Student Affairs Mentoring Programs
What are mentoring programs like at NAU?
NAU offers mentoring programs catering to a wide variety of students. The programs provide a guide who offers support and reflection during a time of personal growth and transition. Topics can focus on classroom engagement, campus resources, or community involvement. Mentoring also encourages behaviors that support academic success, self-discovery and personal development. These programs help students gain skills that provide a foundation for success while building supportive relationships with peers and staff.
Who it’s for: First-Generation Arizona residents who meet certain requirements
About the program: First Scholars aims to dramatically increase the graduation rate of students who will be the first in their families to earn a four-year degree. The program offers an annual scholarship, one-on-one progressive mentoring, and personal development and enrichment through workshops and service-learning opportunities for the course of four years.
Who it’s for: First-year diversity students seeking a connection to the campus community
About the program: The Office of Inclusion (IMQ) supports and celebrates cultural, gender and sexuality diversity. The Inclusion and Diversity (ID) Scholars program serves students through peer-to-peer mentoring, support, resources, and community building programming.
Who it’s for: First-time NAU online students.
About the program: Jacks Online is a peer mentoring program designed to assist students with their transition to online learning and to help them feel connected to the NAU community. Peer mentors, who are online students themselves, provide individualized support, encouragement, access to resources, and accountability.
Who it’s for: Students who identify as Indigenous (Native American, Alaska Native, Native Hawaiian)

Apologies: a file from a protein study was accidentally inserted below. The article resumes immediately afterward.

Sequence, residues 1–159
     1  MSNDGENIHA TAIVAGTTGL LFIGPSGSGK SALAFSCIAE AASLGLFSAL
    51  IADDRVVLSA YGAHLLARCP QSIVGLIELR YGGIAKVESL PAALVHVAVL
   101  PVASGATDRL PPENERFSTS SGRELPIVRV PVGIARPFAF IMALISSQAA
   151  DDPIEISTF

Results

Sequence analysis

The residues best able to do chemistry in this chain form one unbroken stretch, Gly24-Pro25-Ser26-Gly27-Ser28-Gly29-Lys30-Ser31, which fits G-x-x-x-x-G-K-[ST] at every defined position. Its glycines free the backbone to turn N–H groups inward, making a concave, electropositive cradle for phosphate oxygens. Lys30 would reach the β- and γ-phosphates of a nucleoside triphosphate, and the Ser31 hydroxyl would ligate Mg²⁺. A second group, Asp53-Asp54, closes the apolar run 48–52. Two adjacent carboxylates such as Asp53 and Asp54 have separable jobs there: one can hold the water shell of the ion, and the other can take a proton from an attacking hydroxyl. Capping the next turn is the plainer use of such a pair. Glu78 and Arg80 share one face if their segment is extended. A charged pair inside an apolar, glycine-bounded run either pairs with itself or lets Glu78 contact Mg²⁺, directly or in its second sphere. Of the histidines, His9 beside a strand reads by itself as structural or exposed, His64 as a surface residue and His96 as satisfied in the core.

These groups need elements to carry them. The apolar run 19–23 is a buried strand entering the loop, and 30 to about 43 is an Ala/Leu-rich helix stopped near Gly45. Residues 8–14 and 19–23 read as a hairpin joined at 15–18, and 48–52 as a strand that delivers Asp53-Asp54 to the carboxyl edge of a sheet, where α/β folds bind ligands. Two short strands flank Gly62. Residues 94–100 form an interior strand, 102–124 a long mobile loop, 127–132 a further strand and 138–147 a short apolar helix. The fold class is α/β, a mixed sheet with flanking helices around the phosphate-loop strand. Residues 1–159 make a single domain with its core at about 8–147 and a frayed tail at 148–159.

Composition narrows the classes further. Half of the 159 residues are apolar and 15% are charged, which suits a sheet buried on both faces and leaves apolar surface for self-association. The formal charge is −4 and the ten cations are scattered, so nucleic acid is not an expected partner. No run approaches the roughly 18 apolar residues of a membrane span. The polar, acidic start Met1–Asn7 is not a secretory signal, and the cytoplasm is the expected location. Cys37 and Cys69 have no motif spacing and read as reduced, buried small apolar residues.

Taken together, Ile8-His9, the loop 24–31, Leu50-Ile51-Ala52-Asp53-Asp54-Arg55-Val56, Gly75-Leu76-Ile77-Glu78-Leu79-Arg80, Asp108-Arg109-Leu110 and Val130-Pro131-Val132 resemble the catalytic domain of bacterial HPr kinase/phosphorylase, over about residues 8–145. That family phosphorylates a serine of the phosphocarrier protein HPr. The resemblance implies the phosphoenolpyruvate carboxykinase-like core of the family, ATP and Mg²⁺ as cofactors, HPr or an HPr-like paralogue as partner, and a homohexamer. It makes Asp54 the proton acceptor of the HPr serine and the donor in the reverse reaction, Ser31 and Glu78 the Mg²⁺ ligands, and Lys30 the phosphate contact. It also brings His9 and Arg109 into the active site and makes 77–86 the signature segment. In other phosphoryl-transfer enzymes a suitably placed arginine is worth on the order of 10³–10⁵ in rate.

About the program: Office of Indigenous Student Success guides Indigenous students to develop skills and strategies for success, and learn about campus resources. OISS provides cultural events and activities, opportunities to connect to Indigenous staff and faculty.
Who it’s for: First-year students
About the program: Peer Jacks assists students in making connections and building community through one-on-one mentoring and on- and off-campus events. The Program provided educational and social opportunities that lead to academic success. Participating in the program enhances students’ first year experience, sense of belonging and transition to the university.
Who it’s for: Students who are first-generation, income-eligible or who have a disability
About the program: SSS offers mentoring, coaching and community building to first-year and other eligible students. Participants receive assistance with tutoring, course selection, financial and economic literacy, FAFSA, and admission to graduate school. SSS Takes a holistic approach when working with participants to support them to the best they can be.
Who it’s for: Students who are transferring to NAU from another college or university
About the program: Transferring from another school can be challenging, and students often face academic, social, and personal adjustments as they acclimate to the NAU community. Through Transfer Jacks mentoring and events, students get involved, and connect with peers and campus resources.
Who it’s for: Students who identify as veterans, transitioning from military life to NAU
About the program: The VSC Vet Jacks program provides a welcoming and supportive environment at NAU. The VSC connects incoming veterans with a peer point of contact for information, support, and help transitioning from the military to the college setting.